Planning and taking a trip to Africa is a “bucket list” item for a lot of people (myself included!)…but it’s not like flying to Florida or driving to Detroit! I was finally able to fulfill a life dream when my wife and I visited Kenya and Tanzania for last year nine days. I’ve written some about our trip (more posts coming!)…but I’ve also gotten a lot of questions about the process of planning a trip. Many people have said they don’t know where to start – so I decided to provide some advice based on our planning process.
Planning Your Destination
Africa is a continent, not a country – and it’s mind-bogglingly huge. It’s total land mass is nearly 12M sq. mi. A 2013 article from the Daily Mail (U.K.) explains that Africa is larger than the US, China, India, and most of Europe – combined. Africa is made up of 54 sovereign countries and 10 dependent territories. Each one has its own language, culture, customs and wildlife. Therefore, starting with a sense of your desired destination(s) for your trip is very important.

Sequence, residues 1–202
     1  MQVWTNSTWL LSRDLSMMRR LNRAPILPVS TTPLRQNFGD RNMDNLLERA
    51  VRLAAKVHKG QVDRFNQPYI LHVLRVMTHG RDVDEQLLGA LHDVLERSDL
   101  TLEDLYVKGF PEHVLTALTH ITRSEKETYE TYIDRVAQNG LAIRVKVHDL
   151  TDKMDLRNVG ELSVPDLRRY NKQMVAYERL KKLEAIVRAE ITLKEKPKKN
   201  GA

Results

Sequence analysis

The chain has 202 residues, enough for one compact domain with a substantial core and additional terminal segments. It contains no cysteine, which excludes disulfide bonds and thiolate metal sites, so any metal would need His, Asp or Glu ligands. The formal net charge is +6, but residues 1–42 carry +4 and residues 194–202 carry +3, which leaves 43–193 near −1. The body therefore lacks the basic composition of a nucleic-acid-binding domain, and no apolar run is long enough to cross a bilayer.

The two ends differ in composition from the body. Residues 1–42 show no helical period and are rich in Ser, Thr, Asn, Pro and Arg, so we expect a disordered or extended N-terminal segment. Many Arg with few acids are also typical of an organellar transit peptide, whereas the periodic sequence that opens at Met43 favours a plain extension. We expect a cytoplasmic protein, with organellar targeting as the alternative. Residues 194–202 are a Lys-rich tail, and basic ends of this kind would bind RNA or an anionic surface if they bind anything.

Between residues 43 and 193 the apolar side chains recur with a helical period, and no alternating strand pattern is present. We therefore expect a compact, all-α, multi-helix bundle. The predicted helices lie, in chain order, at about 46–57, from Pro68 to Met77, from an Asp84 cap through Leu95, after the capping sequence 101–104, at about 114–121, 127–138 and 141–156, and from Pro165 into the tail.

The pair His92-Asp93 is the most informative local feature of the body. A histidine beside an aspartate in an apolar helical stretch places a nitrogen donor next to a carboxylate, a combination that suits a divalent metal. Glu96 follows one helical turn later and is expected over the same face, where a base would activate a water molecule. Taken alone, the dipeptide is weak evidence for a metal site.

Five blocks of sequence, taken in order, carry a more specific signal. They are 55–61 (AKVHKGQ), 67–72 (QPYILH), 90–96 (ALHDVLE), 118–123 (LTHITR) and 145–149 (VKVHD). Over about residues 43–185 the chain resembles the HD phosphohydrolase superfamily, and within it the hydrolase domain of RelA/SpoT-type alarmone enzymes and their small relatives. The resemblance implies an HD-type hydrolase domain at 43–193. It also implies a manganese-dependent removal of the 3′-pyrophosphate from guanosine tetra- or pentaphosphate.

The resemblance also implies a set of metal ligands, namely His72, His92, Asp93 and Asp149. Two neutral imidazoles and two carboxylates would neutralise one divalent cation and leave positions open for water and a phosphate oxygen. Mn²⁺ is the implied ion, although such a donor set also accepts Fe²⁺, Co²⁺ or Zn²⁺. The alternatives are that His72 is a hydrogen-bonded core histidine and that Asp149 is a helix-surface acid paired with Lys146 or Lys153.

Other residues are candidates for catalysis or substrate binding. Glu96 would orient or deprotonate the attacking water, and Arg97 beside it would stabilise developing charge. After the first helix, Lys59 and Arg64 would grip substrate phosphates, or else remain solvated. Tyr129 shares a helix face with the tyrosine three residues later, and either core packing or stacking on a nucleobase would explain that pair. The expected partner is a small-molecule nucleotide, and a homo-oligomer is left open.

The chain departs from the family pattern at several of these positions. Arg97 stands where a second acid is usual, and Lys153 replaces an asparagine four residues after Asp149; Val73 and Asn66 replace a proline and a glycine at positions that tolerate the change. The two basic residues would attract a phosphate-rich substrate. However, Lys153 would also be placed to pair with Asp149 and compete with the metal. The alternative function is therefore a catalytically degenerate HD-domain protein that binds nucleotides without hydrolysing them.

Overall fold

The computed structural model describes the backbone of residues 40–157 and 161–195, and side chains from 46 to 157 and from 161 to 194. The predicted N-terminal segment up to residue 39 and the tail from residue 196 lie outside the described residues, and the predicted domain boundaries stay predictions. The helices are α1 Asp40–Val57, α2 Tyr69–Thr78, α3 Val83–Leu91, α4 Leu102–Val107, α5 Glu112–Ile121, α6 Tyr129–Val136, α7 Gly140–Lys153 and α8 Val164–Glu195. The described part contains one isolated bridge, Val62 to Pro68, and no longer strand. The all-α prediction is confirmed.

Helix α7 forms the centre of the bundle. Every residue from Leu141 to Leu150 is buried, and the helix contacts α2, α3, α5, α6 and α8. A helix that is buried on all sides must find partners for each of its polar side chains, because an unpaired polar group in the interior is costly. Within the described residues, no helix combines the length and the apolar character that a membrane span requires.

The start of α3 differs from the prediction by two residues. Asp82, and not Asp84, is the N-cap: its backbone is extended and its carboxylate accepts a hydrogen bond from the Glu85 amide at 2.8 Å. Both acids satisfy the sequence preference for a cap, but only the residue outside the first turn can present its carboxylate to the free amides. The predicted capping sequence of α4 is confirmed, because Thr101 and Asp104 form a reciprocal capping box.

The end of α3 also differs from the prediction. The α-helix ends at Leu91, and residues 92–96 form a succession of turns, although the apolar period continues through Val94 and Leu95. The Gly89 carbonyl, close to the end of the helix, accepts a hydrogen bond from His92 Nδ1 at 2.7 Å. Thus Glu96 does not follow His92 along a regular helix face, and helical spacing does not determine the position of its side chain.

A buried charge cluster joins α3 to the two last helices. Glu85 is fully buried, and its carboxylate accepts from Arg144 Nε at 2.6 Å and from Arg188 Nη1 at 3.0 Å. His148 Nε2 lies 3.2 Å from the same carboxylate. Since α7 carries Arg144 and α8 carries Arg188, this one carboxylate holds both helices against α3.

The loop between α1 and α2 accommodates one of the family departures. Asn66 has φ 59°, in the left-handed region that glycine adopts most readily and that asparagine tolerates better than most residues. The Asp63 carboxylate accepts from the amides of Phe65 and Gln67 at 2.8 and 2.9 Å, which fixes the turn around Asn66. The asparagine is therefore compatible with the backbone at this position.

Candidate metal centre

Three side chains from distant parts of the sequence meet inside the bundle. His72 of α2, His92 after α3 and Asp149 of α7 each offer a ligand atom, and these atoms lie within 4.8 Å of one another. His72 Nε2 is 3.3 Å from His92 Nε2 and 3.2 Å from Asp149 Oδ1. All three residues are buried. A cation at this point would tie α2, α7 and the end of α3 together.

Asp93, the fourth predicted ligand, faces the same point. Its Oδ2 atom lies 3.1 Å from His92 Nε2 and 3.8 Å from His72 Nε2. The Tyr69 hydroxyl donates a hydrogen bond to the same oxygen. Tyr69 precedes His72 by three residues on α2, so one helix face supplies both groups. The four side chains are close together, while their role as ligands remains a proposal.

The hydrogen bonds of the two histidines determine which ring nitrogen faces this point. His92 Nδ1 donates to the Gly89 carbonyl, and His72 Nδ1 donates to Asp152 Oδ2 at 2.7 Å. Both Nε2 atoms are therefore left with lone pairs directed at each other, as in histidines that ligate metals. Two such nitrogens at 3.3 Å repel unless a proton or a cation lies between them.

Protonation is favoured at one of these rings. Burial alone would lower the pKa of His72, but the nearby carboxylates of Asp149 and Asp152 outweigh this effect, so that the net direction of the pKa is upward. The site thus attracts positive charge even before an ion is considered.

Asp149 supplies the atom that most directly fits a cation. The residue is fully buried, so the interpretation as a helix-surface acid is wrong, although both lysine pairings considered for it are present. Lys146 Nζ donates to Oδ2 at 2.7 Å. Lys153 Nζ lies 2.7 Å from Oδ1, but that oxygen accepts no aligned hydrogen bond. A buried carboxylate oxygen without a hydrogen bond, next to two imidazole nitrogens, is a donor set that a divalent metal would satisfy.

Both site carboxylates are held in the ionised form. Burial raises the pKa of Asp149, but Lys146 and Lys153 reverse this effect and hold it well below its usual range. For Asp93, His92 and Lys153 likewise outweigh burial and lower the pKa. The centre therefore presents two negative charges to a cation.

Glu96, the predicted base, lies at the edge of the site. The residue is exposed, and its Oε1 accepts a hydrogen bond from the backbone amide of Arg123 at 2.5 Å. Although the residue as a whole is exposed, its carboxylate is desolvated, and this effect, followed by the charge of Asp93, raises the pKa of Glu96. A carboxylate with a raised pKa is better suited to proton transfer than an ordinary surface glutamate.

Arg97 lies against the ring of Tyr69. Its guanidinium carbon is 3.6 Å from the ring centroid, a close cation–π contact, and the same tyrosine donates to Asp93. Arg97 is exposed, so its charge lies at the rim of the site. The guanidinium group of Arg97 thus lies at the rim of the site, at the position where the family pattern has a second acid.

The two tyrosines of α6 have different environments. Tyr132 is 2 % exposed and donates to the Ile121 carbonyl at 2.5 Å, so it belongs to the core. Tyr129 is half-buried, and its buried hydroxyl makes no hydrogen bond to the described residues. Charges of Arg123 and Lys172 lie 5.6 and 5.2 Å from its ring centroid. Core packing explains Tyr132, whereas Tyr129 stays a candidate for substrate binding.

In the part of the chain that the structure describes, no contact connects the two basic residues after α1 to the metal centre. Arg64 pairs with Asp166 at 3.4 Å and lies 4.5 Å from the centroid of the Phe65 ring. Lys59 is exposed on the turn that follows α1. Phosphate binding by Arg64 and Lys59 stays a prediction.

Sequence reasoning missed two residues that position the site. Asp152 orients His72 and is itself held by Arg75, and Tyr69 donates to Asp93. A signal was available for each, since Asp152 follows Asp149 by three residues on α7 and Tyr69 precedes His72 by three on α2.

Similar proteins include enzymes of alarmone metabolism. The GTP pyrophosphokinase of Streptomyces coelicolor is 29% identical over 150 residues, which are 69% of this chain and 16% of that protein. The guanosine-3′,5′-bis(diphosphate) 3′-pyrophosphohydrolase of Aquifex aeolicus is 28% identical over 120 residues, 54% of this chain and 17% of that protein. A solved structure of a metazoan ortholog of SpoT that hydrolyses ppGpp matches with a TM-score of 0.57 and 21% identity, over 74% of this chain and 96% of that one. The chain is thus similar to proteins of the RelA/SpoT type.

We picked Tanzania because numerous resources, including CNN Travel, recommended it as the top tourist destination in Africa. Your planning should start with the things you want to see and experience. Are you looking for remote, unspoiled vistas or city life? Are you more interested in birds or animals? What kind of climate is most suitable for you? Having answers to all these questions will help you pick the optimal spot.
There are also many other travel bloggers who have written extensively about their experiences traveling in Africa. For some further inspiration, read the Lisa Krüger-Frank’s posts on her excellent blog, Anywhere’s Perfect. She’s written about her 2012 trip to Namibia (what she calls “Africa for cowards”) as well as her fantastic guide to Morocco.
Travel Agent or Tour Operator?
Do yourself a favor, and don’t try to plan a trip to Africa completely by yourself. You need to work with a reputable travel agent or tour operator. A travel agent will help you put together a customized itinerary that fits your needs and budget. Tour operators, on the other hand, have a specific itinerary (or set of itineraries) that they offer.